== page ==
The Red Coast
Radicalism and Anti-Radicalism in Southwest Washington
By Roger Snider, Brian Barnes, and Aaron Goings
Oregon State University Press
The Red Coast is a lively and readable informal history of the labor, left-wing, and progressive activists who lived, worked, and organized in southwest Washington State from the late nineteenth century until World War II. The book serves as a hidden history for a region frequently identified with conservatism, rescuing these working-class activists from obscurity and placing them at the center of southwest Washington’s history.
With a focus on socialists, militant unionists, Wobblies, “Red” Finns, and Communists, The Red Coast covers the people, places, and events that made history—well-known events like the 1919 Armistice Day Tragedy in Centralia and the murders of labor activists William McKay and Laura Law in Aberdeen as well as lesser-known events that have been lost to posterity until now.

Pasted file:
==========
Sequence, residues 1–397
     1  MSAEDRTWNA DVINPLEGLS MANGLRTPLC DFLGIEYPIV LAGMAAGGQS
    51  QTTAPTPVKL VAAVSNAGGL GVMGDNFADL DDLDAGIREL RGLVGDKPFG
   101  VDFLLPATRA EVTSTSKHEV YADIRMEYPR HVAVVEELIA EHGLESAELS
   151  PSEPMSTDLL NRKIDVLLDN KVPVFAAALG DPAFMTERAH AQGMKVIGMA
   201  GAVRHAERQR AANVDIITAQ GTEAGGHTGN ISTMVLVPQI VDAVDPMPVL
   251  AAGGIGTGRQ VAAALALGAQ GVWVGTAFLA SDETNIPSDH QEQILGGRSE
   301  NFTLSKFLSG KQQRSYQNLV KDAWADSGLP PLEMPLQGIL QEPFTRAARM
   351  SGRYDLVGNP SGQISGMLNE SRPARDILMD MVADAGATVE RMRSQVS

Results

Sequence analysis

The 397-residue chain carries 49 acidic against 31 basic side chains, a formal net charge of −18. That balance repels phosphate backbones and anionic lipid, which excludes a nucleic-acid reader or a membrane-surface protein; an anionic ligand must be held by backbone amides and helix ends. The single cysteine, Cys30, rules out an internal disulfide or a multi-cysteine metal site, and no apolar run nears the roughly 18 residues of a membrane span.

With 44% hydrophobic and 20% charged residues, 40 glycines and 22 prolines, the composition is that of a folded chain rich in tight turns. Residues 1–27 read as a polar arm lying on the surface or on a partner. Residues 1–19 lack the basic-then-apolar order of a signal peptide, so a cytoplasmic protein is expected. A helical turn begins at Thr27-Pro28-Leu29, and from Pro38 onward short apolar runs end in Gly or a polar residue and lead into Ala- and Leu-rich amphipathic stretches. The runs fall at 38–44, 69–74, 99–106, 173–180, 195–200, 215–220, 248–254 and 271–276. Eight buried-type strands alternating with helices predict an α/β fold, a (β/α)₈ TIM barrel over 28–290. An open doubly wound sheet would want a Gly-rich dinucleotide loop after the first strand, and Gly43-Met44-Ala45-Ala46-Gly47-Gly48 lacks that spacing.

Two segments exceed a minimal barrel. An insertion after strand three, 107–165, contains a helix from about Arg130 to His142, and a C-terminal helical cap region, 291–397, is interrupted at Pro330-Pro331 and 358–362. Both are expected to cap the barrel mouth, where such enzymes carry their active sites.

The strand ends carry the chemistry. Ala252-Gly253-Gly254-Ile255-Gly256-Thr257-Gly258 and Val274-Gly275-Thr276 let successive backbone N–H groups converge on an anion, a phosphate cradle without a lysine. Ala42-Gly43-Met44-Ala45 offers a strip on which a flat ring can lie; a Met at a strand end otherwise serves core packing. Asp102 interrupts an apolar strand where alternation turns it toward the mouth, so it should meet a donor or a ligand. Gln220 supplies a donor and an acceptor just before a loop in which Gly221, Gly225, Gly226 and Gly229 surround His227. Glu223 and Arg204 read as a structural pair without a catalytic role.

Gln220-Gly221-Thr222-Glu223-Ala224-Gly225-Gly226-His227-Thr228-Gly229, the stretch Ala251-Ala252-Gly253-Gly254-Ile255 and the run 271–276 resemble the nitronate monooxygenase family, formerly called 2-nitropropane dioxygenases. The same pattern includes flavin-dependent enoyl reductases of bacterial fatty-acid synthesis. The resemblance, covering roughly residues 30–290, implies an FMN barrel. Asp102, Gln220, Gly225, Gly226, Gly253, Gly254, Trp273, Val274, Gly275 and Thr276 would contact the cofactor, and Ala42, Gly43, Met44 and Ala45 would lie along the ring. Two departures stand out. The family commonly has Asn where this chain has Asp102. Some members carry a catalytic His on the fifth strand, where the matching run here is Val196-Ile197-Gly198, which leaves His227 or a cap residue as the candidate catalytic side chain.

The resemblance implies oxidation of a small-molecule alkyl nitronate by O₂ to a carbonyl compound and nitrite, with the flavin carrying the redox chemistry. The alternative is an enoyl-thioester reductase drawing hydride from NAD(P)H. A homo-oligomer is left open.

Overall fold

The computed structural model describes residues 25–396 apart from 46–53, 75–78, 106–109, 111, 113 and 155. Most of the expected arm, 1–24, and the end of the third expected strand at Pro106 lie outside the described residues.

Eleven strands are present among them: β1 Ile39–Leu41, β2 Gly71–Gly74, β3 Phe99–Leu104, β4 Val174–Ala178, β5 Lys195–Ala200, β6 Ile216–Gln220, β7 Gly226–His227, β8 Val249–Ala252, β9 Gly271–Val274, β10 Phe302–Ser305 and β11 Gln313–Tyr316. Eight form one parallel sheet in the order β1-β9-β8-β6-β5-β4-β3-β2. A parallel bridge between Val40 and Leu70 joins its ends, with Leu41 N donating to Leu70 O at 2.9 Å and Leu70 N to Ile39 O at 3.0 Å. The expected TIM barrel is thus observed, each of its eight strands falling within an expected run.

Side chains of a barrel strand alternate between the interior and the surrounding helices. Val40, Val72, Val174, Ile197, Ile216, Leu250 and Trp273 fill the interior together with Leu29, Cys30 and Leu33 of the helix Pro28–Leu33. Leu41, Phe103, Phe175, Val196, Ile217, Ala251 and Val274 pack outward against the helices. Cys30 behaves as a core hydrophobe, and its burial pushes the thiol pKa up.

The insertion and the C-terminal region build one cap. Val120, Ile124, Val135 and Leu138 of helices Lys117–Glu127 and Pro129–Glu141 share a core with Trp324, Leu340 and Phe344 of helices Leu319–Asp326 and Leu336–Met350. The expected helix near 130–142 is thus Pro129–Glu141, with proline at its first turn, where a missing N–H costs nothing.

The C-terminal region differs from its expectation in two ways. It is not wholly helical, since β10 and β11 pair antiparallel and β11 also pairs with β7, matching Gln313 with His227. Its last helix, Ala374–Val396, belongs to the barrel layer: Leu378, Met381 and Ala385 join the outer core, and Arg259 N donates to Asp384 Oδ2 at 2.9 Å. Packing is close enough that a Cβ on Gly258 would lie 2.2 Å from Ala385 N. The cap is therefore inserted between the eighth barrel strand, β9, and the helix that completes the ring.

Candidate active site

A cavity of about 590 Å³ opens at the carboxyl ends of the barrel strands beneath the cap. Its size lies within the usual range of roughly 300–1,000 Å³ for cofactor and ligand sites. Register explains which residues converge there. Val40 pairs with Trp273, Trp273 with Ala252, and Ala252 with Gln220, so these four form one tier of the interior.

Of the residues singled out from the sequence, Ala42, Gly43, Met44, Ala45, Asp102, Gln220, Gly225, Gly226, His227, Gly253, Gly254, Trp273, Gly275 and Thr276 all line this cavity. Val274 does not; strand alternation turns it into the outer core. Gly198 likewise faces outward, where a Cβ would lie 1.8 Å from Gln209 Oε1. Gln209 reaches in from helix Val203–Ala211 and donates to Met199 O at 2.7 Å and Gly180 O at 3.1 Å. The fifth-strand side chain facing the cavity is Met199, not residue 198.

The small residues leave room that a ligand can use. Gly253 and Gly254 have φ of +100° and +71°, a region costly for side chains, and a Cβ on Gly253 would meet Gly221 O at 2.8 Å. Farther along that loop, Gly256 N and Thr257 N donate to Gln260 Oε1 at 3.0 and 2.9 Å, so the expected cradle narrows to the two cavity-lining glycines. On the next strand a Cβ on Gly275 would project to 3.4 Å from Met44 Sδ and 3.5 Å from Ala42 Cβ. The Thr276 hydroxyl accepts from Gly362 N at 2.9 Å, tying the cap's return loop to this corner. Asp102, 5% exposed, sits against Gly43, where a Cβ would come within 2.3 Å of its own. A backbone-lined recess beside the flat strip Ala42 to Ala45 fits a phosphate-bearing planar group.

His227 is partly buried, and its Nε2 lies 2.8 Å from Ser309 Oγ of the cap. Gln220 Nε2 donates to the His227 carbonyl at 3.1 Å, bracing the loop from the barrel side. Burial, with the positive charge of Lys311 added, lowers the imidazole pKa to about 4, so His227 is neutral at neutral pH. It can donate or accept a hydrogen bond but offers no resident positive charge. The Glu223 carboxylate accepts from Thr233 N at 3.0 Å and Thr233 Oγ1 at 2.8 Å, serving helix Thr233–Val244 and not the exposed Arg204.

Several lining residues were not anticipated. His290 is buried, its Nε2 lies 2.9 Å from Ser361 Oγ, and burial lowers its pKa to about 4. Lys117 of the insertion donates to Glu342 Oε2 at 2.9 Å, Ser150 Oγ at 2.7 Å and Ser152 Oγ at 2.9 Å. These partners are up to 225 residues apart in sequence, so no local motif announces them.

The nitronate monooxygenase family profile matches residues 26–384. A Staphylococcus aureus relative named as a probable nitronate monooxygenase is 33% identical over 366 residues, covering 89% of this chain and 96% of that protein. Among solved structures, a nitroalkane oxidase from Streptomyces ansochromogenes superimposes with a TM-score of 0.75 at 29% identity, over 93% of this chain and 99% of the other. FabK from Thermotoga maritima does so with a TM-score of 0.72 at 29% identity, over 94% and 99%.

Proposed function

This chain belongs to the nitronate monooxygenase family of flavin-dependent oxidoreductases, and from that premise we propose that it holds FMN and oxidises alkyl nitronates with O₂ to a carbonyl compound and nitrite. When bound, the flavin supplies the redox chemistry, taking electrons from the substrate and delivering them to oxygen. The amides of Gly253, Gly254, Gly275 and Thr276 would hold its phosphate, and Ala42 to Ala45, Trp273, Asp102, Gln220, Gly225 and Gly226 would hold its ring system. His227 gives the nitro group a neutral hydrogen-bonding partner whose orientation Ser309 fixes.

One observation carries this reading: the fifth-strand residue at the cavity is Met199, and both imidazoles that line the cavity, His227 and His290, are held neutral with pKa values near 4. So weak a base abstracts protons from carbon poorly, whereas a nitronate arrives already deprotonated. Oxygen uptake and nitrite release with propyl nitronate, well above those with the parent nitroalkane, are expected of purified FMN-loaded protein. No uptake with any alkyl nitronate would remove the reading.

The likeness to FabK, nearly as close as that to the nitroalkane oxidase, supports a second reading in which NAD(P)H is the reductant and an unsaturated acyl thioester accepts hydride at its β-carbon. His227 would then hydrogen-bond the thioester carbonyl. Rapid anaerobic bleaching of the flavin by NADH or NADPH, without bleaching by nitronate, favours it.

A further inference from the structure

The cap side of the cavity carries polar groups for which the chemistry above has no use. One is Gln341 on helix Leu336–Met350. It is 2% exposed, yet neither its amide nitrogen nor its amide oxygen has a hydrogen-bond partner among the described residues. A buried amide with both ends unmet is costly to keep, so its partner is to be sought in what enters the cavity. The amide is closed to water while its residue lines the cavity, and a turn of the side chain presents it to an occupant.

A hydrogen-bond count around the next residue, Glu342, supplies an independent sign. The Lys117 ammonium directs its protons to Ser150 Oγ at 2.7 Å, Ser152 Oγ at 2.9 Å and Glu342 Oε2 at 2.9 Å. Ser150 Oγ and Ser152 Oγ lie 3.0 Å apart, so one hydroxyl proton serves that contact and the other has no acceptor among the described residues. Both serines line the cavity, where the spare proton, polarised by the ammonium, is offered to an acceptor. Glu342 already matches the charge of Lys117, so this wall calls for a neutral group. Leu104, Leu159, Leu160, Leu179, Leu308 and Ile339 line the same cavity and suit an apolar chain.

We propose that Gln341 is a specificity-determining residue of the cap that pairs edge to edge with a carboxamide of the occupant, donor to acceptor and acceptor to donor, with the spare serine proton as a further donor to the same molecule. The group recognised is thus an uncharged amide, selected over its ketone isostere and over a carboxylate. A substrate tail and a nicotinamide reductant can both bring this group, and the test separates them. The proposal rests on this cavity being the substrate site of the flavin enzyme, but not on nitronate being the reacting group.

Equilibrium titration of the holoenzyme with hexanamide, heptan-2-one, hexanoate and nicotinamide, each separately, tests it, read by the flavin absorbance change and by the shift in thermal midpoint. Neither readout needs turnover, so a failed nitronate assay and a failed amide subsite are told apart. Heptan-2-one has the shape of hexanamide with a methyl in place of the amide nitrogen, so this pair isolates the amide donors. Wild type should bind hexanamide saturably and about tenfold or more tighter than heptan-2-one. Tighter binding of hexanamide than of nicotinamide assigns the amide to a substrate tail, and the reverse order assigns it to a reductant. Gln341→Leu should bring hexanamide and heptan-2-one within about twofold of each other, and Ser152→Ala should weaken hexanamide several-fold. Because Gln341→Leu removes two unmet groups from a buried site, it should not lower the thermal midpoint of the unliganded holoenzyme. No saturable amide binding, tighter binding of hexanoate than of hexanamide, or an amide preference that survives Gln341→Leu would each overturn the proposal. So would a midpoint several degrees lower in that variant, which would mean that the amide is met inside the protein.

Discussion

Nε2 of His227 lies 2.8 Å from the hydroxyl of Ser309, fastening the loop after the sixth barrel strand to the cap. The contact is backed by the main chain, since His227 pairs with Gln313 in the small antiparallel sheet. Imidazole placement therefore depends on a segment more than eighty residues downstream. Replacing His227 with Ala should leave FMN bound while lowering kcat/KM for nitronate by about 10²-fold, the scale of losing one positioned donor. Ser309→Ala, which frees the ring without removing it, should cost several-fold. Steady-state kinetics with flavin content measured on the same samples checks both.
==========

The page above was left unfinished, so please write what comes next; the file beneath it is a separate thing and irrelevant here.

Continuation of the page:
The Red Coast also delves deep into the lives and work of the region’s anti-radical forces, examining the collective efforts of employers, news editors, and vigilantes to combat working-class organization. Topics include the Wobblies, the labor wars of the 1910s and 1930s, and the lumber and maritime industries. Labor historians, scholars, and general readers with interest in the working-class history of the Pacific Northwest will welcome this comprehensive and accessible account.
|Dimensions||9 × 6 × 0.75 in|